Yeah, yeah, I know. Second season wasn’t as good as the first. The magic’s gone, and NBC’s superhero soap phenomenon, so buzz-friendly a year ago, totally fell victim to the sophomore jinx. Jumped the shark. Whatever.
Except you know what? The second season of Heroes wasn’t that bad. It had its problems, sure, and maybe those problems didn’t bug me as much because I was more interested in Journeyman (which really should have been renewed by those bastards at NBC) and Friday Night Lights (which was renewed — hooray for NBC!), but really, all the hate for Season Two was as over-inflated as the love for Season One.
Back to those problems. The main thing that dragged down this season of Heroes, leading to its precipitous 15% ratings drop, wasn’t so much the way the writers kept the cast separated — Hiro sent spinning back into feudal Japan, Peter waking up in a shipping crate with a bump on the noggin, Claire moping her way through a typically lame TV version of high school — or even the introduction of those melodramatic Dominican twins nobody cared about. Serial dramas are all about obstacles, and creator/EP Tim Kring and his crew came up with a nifty stack of them for his cast and viewers to surmount in the second season.
The problem, however, lay in the pacing. During Heroes‘ first season, it was held up as a wham-bam alternative to the suddenly pokey Lost — an hour in which you could rely on a miniature arc resolving in a good old-fashioned cliffhanger. This time out, the writers were content to let storylines dawdle for weeks, a problem compounded when that nasty old writers’ strike reared its head and the show’s producers were left with a truncated 11-episode run.
As a result, Season Two actually feels like, well, two seasons — the languidly paced episodes it opens with, and the sharper, more purposeful five or six episodes that close out the run. The shift in tone is more jarring when you watch the episodes back-to-back on DVD, too; you can pretty much feel it the instant the folks behind the scenes have decided there probably isn’t going to be a real season finale.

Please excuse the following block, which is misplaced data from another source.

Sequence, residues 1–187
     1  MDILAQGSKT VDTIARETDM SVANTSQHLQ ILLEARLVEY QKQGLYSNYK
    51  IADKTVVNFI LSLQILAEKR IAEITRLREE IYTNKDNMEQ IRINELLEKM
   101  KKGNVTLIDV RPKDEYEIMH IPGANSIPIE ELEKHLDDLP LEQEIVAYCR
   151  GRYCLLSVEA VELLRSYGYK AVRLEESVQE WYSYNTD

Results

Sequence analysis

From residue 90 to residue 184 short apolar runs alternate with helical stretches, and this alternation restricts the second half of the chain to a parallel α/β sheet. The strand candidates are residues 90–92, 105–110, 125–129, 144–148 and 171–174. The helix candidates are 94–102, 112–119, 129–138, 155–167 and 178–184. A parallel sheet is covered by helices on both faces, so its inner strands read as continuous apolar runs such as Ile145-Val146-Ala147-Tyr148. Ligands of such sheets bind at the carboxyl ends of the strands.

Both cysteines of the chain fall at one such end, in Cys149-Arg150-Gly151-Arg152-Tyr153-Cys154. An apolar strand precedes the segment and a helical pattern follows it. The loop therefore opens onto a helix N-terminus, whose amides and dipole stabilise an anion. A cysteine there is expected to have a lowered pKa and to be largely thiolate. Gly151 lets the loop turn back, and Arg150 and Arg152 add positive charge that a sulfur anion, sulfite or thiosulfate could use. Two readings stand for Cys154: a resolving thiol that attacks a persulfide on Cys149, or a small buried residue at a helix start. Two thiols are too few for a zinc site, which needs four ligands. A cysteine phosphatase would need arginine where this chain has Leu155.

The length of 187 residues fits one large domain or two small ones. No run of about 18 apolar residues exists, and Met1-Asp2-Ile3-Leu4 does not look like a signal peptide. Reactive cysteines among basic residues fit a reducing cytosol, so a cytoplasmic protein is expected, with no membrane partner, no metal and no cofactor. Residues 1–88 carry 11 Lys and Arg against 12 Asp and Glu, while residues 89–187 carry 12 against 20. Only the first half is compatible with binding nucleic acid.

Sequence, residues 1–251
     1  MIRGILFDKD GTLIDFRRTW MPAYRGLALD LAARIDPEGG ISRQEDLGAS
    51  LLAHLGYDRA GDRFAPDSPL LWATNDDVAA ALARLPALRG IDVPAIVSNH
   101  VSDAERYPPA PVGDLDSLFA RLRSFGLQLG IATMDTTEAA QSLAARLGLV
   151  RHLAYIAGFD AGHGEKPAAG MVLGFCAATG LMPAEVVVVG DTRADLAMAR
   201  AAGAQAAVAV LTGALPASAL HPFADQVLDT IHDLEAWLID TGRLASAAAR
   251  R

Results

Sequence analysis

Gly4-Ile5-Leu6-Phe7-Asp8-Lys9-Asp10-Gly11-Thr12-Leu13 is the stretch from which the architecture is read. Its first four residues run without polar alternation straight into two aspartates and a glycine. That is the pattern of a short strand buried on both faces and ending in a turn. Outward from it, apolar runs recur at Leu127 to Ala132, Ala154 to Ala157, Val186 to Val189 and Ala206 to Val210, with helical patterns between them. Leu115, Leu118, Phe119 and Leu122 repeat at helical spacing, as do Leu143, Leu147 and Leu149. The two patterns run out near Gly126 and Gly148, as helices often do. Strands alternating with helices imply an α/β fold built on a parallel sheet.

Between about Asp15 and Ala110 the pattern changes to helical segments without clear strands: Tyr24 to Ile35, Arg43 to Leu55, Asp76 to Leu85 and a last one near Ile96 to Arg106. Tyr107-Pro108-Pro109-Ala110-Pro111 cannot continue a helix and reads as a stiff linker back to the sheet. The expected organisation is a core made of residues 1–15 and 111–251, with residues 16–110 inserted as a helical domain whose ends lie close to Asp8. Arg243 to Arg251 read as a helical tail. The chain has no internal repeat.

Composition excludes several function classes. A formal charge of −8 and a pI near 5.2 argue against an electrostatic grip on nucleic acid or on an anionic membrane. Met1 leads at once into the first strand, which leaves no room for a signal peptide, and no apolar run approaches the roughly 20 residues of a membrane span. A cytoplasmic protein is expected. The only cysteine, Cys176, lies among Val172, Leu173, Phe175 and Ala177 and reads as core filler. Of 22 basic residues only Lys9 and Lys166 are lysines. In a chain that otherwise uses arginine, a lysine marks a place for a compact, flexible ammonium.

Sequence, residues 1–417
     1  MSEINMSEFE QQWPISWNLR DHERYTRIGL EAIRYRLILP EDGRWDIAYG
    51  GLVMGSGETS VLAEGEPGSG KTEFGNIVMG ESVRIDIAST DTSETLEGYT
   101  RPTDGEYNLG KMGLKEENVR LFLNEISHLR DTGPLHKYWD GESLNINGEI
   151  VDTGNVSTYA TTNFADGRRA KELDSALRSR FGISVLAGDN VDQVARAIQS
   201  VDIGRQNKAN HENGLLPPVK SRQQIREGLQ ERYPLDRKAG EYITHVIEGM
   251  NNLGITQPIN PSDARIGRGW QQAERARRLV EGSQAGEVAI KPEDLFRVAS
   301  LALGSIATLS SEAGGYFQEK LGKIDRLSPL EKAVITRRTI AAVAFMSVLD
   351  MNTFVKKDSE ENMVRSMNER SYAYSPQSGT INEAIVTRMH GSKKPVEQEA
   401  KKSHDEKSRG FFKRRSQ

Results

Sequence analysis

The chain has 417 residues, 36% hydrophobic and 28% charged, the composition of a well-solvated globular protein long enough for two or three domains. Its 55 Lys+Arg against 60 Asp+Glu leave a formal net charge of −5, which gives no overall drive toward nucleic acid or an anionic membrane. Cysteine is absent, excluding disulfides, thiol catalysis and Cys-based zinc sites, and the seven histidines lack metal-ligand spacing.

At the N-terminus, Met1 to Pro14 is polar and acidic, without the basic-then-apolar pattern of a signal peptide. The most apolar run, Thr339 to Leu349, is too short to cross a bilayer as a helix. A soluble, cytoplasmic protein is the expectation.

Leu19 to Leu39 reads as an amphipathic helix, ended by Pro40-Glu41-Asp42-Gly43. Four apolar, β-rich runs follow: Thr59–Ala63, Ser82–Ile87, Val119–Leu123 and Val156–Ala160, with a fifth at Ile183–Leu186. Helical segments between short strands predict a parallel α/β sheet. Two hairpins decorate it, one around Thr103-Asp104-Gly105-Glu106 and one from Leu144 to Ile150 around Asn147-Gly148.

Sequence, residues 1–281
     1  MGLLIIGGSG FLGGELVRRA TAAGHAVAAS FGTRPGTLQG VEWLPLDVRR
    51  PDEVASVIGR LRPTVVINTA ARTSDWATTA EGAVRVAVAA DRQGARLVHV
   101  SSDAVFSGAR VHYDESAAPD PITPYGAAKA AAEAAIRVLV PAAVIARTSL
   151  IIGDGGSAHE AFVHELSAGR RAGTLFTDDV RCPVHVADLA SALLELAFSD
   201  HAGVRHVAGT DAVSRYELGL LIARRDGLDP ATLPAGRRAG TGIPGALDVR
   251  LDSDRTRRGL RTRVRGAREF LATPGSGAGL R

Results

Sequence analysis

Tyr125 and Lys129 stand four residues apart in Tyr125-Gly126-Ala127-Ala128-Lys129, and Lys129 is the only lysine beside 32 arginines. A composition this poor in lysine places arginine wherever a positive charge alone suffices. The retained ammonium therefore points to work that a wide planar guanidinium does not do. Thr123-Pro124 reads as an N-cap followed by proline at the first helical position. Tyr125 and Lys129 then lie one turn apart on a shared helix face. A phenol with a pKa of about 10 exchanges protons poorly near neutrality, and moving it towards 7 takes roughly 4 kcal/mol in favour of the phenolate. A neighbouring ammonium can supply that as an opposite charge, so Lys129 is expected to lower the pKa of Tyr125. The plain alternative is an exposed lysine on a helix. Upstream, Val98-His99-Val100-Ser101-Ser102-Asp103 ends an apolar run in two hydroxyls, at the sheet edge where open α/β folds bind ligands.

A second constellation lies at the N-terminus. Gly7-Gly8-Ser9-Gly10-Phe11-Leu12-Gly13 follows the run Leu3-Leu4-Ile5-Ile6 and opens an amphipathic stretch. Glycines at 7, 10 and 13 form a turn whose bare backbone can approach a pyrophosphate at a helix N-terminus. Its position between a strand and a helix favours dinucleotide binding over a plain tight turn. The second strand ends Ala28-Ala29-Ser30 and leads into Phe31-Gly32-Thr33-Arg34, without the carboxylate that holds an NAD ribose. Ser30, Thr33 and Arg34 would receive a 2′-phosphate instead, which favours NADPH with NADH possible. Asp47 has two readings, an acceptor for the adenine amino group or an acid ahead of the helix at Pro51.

Thankfully, Heroes: Season Two offers more than just bumpy tonal shifts; Universal has compensated for the season’s abbreviated length by stuffing this four-disc set with a number of extras. You get the expected stuff, of course (commentary tracks — one per episode, available on the Web as the episodes aired — and deleted scenes), but you also get a few featurettes, which run the gamut from mostly useless (a network promo for Season Two) to surprisingly interesting (a mock documentary about Takezo Kensei). In keeping with the show’s continued efforts to whet fans’ appetites for new stuff, there’s also a brief rundown of what might have been included in the second season if it hadn’t been for the strike — and an alternate ending for the final episode.
And, of course, there’s a teaser for the third season, containing mild spoilers, as well as a glimpse of the hated Maya. Adjust your expectations for the new episodes — premiering September 22 — accordingly.
All in all, it’s a fair bit of content for your $40 — although, given all the negative reviews and fan whining surrounding the season, it’s hard to imagine this turning into a bestseller for Universal. Diehard fans of the show may proceed without caution. Me? I’m still waiting for Journeyman to make it to DVD.